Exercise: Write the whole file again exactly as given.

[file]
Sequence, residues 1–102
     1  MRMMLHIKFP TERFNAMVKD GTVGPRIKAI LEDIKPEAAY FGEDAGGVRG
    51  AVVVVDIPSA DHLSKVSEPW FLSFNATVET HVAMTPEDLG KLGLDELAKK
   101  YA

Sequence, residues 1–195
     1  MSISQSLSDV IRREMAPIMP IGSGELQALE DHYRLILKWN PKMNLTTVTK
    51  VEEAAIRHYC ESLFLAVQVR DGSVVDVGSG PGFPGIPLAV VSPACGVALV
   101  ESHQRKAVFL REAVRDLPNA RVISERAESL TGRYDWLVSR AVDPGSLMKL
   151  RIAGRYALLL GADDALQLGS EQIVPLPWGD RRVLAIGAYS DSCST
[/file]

Sequence, residues 1–102
     1  MRMMLHIKFP TERFNAMVKD GTVGPRIKAI LEDIKPEAAY FGEDAGGVRG
    51  AVVVVDIPSA DHLSKVSEPW FLSFNATVET HVAMTPEDLG KLGLDELAKK
   101  YA

Sequence, residues 1–195
     1  MSISQSLSDV IRREMAPIMP IGSGELQALE DHYRLILKWN PKMNLTTVTK
    51  VEEAAIRHYC ESLFLAVQVR DGSVVDVGSG PGFPGIPLAV VSPACGVALV
   101  ESHQRKAVFL REAVRDLPNA RVISERAESL TGRYDWLVSR AVDPGSLMKL
   151  RIAGRYALLL GADDALQLGS EQIVPLPWGD RRVLAIGAYS DSCST